39. Breakfast of Champions

What’s on the morning menu in Vietnam? What do people eat at the start of the day that might differ from later? Surprisingly, perhaps, some things are always popular.

A team of cooks prepare a morning meal street-side in Saigon’s District 6. (JGA photo)

Đặng was insistent. It was 9:30 in the morning — late, by Vietnamese standards, for breaking the overnight fast — and I was hungry.

“John,” he approached me after I finished teaching an early class, “there’s a new restaurant just down the street that is serving bánh cuốn. Have you tried it yet?”

As a fellow teacher in Saigon who had attended university in the United States, Đặng, or “Andy,” spoke better English than most of my colleagues. More importantly, perhaps, he had a strong sense of which Vietnamese foods might appeal to Westerners.

He made the right call on bánh cuốn.

Pork sausage and bean sprouts accompany rolled rice flour in a bánh cuốn. (JGA photo)

‘Rolled cake’

There is no standard morning meal in Vietnam, nothing like bacon and eggs in America or a baguette with cheese and sausage in western Europe. Indeed, a steaming bowl of phở is as popular a repast to start the day as any other. But bánh cuốn immediately elevated itself high on my list of options.

A Vietnamese-to-English dictionary will tell you bánh means “cake.” That’s a very basic interpretation, as pretty much anything with a principal ingredient of flour is called bánh. In the case of bánh cuốn (literally “rolled cake”), it’s a broad thin sheet of rice-flour batter, steamed and fermented.

The steamed cake is filled with a mixture of ground pork with minced mushrooms and shallots, seasoned and fried. It is most often served with additional meats, usually traditional Vietnamese pork sausage (chả lụa), and such vegetables as sliced cucumber, bean sprouts and/or salad. There may sometimes be prawns. There is always a dipping sauce of nước chấm (fish sauce) and condiments such as soy sauce and tiny but very hot red chilies.

A street vendor makes savory crepes called bánh xèo in Saigon’s District 9. (JGA photo)

‘Sizzling cake’

Another popular morning meal, offered at both restaurants and street stalls, is bánh xèo, or “sizzling cake.” A sort of crêpe or savory fried pancake, its base is a thin flour of rice, egg and water seasoned with turmeric powder and spread on a very hot grill or skillet.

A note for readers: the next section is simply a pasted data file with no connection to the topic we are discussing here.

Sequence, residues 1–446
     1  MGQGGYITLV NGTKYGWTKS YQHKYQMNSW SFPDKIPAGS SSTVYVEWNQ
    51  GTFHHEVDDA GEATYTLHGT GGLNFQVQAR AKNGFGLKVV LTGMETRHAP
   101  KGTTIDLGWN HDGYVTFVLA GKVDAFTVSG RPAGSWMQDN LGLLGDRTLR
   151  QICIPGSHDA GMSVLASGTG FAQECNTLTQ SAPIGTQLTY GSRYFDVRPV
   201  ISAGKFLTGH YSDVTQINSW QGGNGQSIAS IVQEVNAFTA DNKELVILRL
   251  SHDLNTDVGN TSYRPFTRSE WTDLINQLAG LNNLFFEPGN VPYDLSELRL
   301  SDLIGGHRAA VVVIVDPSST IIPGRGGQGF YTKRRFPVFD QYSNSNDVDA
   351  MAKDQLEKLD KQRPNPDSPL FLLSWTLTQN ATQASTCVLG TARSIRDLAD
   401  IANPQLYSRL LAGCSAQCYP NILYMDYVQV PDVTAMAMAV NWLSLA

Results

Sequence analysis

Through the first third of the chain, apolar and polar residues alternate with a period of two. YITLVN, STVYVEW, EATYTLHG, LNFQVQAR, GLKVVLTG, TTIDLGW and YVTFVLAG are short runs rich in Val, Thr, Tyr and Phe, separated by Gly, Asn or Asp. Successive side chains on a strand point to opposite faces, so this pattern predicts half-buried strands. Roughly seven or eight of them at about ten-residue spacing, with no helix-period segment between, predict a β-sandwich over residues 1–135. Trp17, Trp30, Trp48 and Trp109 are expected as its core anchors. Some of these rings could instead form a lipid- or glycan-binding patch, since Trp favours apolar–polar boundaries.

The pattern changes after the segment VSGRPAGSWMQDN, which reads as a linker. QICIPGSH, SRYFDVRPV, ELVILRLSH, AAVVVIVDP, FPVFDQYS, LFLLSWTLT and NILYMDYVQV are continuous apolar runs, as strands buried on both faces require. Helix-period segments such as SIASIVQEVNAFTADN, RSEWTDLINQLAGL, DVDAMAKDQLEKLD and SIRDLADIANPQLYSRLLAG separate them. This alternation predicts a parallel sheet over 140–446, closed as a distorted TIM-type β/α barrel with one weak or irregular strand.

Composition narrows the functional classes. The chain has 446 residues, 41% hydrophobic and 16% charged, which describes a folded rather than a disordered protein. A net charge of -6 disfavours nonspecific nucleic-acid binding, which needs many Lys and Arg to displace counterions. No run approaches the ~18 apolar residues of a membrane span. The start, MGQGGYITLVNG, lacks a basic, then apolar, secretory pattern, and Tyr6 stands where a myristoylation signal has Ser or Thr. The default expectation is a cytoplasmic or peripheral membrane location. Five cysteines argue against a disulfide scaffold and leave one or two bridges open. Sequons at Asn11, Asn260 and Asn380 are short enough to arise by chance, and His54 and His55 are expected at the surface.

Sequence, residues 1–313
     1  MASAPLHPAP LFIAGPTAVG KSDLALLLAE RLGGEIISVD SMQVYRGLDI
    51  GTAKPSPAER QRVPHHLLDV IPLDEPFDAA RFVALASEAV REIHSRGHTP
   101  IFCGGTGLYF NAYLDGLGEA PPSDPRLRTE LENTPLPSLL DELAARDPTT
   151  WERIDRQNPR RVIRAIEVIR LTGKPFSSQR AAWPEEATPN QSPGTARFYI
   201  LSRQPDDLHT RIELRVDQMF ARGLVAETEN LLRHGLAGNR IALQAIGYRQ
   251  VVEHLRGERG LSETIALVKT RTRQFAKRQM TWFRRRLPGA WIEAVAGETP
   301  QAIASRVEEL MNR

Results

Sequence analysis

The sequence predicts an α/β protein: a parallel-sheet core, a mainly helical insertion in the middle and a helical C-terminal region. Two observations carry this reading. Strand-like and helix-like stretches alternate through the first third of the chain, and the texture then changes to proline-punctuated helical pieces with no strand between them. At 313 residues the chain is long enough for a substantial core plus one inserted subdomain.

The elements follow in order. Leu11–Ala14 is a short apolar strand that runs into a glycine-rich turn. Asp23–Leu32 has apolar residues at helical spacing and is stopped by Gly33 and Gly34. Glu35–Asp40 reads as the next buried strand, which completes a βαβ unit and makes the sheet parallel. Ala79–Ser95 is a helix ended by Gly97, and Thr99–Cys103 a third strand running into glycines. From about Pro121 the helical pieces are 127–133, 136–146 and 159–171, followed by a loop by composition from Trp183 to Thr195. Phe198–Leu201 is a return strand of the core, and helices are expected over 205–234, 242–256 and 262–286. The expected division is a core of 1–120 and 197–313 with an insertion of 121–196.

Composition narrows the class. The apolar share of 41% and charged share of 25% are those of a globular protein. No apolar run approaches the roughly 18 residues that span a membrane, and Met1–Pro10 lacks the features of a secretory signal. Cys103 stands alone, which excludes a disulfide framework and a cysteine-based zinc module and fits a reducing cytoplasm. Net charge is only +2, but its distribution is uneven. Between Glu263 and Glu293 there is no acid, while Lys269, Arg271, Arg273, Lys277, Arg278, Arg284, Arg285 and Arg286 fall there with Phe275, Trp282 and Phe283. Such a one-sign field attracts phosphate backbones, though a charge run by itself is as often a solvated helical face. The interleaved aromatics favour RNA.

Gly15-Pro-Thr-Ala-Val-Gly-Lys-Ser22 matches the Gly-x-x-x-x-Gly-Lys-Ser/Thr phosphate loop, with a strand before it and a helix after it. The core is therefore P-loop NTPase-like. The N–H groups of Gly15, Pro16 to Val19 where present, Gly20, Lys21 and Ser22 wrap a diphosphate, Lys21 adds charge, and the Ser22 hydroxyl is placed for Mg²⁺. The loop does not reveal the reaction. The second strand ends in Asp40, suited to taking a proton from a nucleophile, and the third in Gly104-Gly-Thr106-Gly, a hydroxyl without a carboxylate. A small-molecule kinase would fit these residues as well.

Upon this flavorful crêpe, the chef will fold in a generous helping of sliced pork, prawns and bean sprouts. Additions might be green onion, mung beans, basil or mint.

I love a good bánh xèo in spite of one peeve — the preparation of prawns or shrimp. Vietnam’s seafood industry is thriving, thanks in large part to the popularity of these crustaceans, which are farmed in several locations. But the translucent shells, not to mention the heads, are almost never removed before serving. My interest in bánh xèo fades a little when I’m forced to pick pieces of prawn shell out of my mouth.

Shrimp paste and cakes made of rice and tapioca flours add to the savory goodness of bánh bèo. (JGA photo)

‘Water fern cake’

One of the most popular places to eat bánh bèo in Buôn Ma Thuột, where I currently live, is no more than 100 meters down the street from my house. The eatery’s schedule is unpredictable, but it’s easy to tell when its gate is open: A dozen or more motorbikes are parked side-by-side outside, and as I ride past I can see diners seated shoulder-to-shoulder at a pair of long aluminum tables.

Bánh bèo originated in Huế, the ancient imperial capital in central Vietnam. It can be either a morning or midday snack or a restaurant dish. Small steamed cakes are made from a blend of rice and tapioca flours and served with small dried shrimp, crispy pork skin (or crunchy minced bacon) and scallion oil. In some regional versions, shrimp and pork paste may be a filling, or sweet mashed mung beans may be a topping.

Frequently bánh bèo are served in small individual dishes and eaten directly from the saucer after being scraped free with a spoon or chopstick. It is named for the water fern or duckweed, an aquatic plant that floats on or near the surface of placid lakes — even though this is not an ingredient. Perhaps, in the distant past, it once was.

Homemade salmon porridge can be a delicious start to the day. (JGA photo)

Soup and sandwich

Since I’ve been in Vietnam, I haven’t once touched oatmeal or Cream of Wheat. On the other hand, rice porridge is ubiquitous on the streets early in the morning. In my household, a little fresh fish — lightly grilled salmon and eel, sprinkled with green onions and red chilies — are popular choices

Other soups never let down a person with a hearty appetite. As noted previously, phở never fails to please, and the same may be said of bún bò Huế. The key to flavor is to place fresh noodles in a bowl and to pour the potage on top, not to combine the two in advance.

My first breakfast passion after arriving in Vietnam nearly two years ago was a bánh mì sandwich, and it’s still among my favorites. A French baguette sliced lengthwise and packed with chopped pork, carrot-radish slaw and other vegetables, it is delicious at any time of day. And there’s a particular breakfast version called the bánh mì trung p-la, or fried-egg sandwich.

A note to my friend Đặng (“Andy”): I owe you one, buddy. If you make it up my direction one of these months, I know a couple of great new breakfast places I’d like to share.

Morning, noon or night, there’s never a best time to enjoy phở. (JGA photo)
Bánh cuốn is a delicious meal that is rarely sold after 10:30 a.m. (JGA photo)


Published by John Gottberg Anderson

Writer-photographer specializing in travel and food subjects ... member of the Society of American Travel Writers for more than 20 years ... former editor for the Los Angeles Times and France's Michelin Guides, among others

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